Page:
And, of course, whole vanilla beans are even nicer. But, this stuff is magic in a bottle! I love it and so do all those who eat my baked goods. Not that they always know why. But from the comments I get, I think we can give some credit to quality ingredients such as this vanilla extract!

Reviewed by Craig Matteson, Saline, MI

La fille aux cheveux de lin (The Girl with the Flaxen Hair) (Sheet) (Alfred Masterwork)
La fille aux cheveux de lin (The Girl with the Flaxen Hair) (Sheet) (Alfred Masterwork)
by Claude Debussy
Edition: Paperback
Price: $2.95
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5.0 out of 5 stars A good student edition that is very affordable and understandable., January 23, 2014
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The Alfred editions do a good job in keeping what the composer wrote clearly separated from their helpful editorial annotations. this popular work offers translations of the French instructions on how to play the piece, and offers good fingering and pedaling. Of course, the teacher (and student) should feel free to change these emendations as they see fit. But this basic two page work sounds beautiful, is not particularly hard to play (except that young students are unnecessarily concerned when they first see the key signature of six flats (G-flat Major). Again, they can be helped through this by any competent teacher.

If found the printing to be a little less crisp and clear than I like. But the price is most attractive.

You should also be more careful when opening the envelope it comes in than I was. I accidentally tore off a corner of the work as I tore the envelope open. Fortunately, the damage is only cosmetic and did nothing to the music. There was no protective cardboard for the music itself.

Reviewed by Craig Matteson, Saline, MI

Game Plan: How to Protect Yourself from the Coming Cyber-Economic Attack
Game Plan: How to Protect Yourself from the Coming Cyber-Economic Attack
by Kevin D. Freeman
Edition: Hardcover
Price: $20.17
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10 of 11 people found the following review helpful
5.0 out of 5 stars The author says we are in an economic war and offers his views on what you can do about it to protect yourself., January 23, 2014
If you are truly financially sophisticated (that is, you are a professional or have a business degree in finance), this book is not for you. However, if you are a regular person trying to get your mind around what is going on in the economy today and what you need to be considering as you plan your financial life, I can strongly recommend this book as one to read to get yourself STARTED on the right pattern of financial thinking as you get yourself into a better state and what to watch for.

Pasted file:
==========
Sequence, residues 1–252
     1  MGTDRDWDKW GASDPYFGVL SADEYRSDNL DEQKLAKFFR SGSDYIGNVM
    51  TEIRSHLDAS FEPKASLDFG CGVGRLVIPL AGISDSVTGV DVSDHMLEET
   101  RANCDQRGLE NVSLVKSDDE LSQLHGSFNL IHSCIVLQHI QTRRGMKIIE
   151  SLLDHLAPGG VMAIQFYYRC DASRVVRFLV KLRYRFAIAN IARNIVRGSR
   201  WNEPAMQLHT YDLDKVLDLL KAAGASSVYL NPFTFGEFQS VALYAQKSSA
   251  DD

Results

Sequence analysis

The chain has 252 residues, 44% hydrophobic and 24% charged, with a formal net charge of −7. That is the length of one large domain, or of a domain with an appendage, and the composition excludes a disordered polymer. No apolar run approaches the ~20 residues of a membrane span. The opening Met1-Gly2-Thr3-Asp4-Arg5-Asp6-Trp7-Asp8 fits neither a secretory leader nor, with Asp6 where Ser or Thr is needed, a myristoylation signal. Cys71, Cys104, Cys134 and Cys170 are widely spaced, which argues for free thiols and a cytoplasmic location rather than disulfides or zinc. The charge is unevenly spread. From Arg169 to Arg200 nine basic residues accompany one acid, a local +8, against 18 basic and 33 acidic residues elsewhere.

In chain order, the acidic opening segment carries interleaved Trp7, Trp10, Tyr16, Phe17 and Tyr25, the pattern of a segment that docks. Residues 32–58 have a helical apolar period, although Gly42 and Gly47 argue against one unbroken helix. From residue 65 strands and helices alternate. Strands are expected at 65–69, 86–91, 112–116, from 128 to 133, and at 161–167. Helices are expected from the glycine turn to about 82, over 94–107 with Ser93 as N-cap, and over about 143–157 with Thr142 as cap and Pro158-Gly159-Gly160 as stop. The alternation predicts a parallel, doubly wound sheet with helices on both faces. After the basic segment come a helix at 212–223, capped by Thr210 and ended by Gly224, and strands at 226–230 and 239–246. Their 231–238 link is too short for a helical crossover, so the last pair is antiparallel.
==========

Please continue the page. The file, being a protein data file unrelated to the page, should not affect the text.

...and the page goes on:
Kevin Freeman is alerting us to the fact that we are in an economic war with Russia, China, Iran, and other countries that do not wish America well and cannot compete with us militarily. And as they attack our economy, your own financial well-being is at risk as surely as if they launched missiles at us. Just as the Cold War did damage to the combatants without ever dropping “The Big One” on anyone, this economic war is harming us (and you) in a similar way.

The first two chapters present the author’s case for the economic war facing America and wants you to see the risk you face because of it. He drives home what happens to you and yours if this war succeeds in chapters three and four. He spends chapters five through ten going through the case for putting your money in various assets and how they might behave under different scenarios. I think he does a good job in telling you not only what the benefits are to each, but the very real risks facing each of them. For example, precious metals, which he strongly supports as a part of your portfolio, run risks of being physically lost or stolen. And if you have physical possession of the metal, there are costs to storing it and protecting it. Then you have the tax implications involved with buying and selling it that distorts your return on the metal. Never mind the price volatility risk. And then we have the ever present threat of government confiscation of bullion as FDR did back in the Depression. So, beware. There is no easy answer and none is safe under all scenarios. In addition to precious metals the author covers stocks, bonds, cash, guaranteed investments such as annuities, hedge funds, and things like diamonds, art, wine, land, and so forth.